Car crashes often result in both immediate and long-term harm for those involved, as well as for wider society. According to a 2010 report by the Centers for Disease Control and Prevention, medical expenses and productivity losses due to motor vehicle accidents exceeded $99 billion.
While the cost to an individual accident victim is unlikely to number in the billions of dollars, many suffer substantial financial and other losses. Filing a lawsuit is one way to seek legal compensation for economic and other types of harm.
Financial losses compose the bulk of many damages awards in car accident cases. Crashes can cause victims to lose money in a number of ways. Many people spend money on medical treatments, medications and assistive devices. They may need to hire help for performing daily tasks they can no longer do themselves. Injuries can cause missed days at work and even job loss. When calculating economic damages, plaintiffs also need to take into account likely future losses. This can involve projecting how much money he or she would have earned in the future if not for the injury, as well as likely future medical expenses. Expert testimony on these topics can serve to back up the plaintiff’s demand.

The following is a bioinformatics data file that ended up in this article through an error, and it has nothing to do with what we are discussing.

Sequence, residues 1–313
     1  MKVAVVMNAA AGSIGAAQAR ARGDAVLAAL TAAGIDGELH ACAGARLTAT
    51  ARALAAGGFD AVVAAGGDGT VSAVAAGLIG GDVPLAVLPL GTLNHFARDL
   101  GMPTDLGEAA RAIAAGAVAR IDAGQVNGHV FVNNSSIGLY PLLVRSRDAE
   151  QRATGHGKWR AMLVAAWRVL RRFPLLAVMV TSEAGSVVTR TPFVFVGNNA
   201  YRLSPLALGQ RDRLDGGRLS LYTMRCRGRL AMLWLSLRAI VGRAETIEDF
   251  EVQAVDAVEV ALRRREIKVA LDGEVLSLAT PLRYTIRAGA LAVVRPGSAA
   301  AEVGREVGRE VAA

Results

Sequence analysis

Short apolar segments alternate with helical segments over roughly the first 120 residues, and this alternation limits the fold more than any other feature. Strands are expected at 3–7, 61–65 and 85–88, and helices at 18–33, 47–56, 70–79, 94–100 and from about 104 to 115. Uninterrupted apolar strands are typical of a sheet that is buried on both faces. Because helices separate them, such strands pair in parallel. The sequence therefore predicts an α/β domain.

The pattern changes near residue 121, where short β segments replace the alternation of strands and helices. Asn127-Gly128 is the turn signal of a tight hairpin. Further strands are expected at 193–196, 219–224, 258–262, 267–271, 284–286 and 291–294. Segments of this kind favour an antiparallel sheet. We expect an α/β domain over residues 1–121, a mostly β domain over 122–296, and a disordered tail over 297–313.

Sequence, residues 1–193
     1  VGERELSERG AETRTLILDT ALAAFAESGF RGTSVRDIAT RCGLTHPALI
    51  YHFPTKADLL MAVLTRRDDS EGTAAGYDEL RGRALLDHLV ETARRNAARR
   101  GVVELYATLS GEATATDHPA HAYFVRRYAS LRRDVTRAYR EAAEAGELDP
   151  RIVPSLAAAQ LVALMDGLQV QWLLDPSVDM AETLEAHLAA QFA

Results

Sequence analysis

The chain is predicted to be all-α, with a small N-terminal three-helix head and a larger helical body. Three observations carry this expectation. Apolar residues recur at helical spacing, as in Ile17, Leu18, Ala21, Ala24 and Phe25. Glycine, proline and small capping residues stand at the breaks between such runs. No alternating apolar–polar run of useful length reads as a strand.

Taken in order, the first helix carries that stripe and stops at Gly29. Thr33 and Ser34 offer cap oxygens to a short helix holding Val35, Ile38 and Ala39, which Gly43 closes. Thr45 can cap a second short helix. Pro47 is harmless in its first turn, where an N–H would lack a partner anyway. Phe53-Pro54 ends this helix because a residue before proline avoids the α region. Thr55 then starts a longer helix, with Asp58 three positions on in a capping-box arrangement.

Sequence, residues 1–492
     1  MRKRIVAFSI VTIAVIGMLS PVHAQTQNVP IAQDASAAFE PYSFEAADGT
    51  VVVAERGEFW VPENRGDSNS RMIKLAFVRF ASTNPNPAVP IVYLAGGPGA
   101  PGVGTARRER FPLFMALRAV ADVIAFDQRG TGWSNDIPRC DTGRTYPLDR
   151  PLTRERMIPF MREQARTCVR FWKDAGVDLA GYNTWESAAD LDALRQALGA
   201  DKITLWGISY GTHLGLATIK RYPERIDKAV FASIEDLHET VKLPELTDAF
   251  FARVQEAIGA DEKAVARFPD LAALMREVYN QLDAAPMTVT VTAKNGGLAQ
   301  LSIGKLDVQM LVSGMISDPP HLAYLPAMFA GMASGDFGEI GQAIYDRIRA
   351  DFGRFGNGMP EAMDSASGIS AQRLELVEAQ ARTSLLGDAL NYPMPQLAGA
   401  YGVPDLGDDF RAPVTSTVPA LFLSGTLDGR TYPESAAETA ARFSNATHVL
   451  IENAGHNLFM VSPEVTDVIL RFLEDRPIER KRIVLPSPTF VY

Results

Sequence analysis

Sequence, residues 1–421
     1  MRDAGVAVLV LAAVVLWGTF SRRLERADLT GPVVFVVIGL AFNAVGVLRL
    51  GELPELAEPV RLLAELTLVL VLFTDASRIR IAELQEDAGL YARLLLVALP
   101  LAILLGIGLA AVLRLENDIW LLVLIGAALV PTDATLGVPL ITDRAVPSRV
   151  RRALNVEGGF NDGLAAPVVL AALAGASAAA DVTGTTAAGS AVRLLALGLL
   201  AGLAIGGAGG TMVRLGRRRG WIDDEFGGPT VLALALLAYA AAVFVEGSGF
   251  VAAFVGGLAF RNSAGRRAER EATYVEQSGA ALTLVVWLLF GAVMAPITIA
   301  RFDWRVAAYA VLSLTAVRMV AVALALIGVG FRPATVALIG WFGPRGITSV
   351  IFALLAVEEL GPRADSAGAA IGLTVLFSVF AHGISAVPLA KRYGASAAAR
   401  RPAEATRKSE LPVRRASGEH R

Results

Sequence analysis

Physical and emotional harm
Most people understand that suffering a car wreck does not only cause you to lose money. Damages for pain and suffering compensate for physical pain, humiliation, emotional distress and other non-financial factors that can decrease ability to live a full life.
The majority of car accident cases will not include a demand for punitive, or exemplary, damages, although such a demand can be appropriate in a few instances. Generally, if the at-fault driver caused the accident because he or she was intoxicated or otherwise engaging in outstandingly bad behavior. In many such cases, that driver may also face criminal charges. A conviction can serve as support for a punitive damages demand, but is not required, as a civil case demands a lower level of evidence than a criminal one.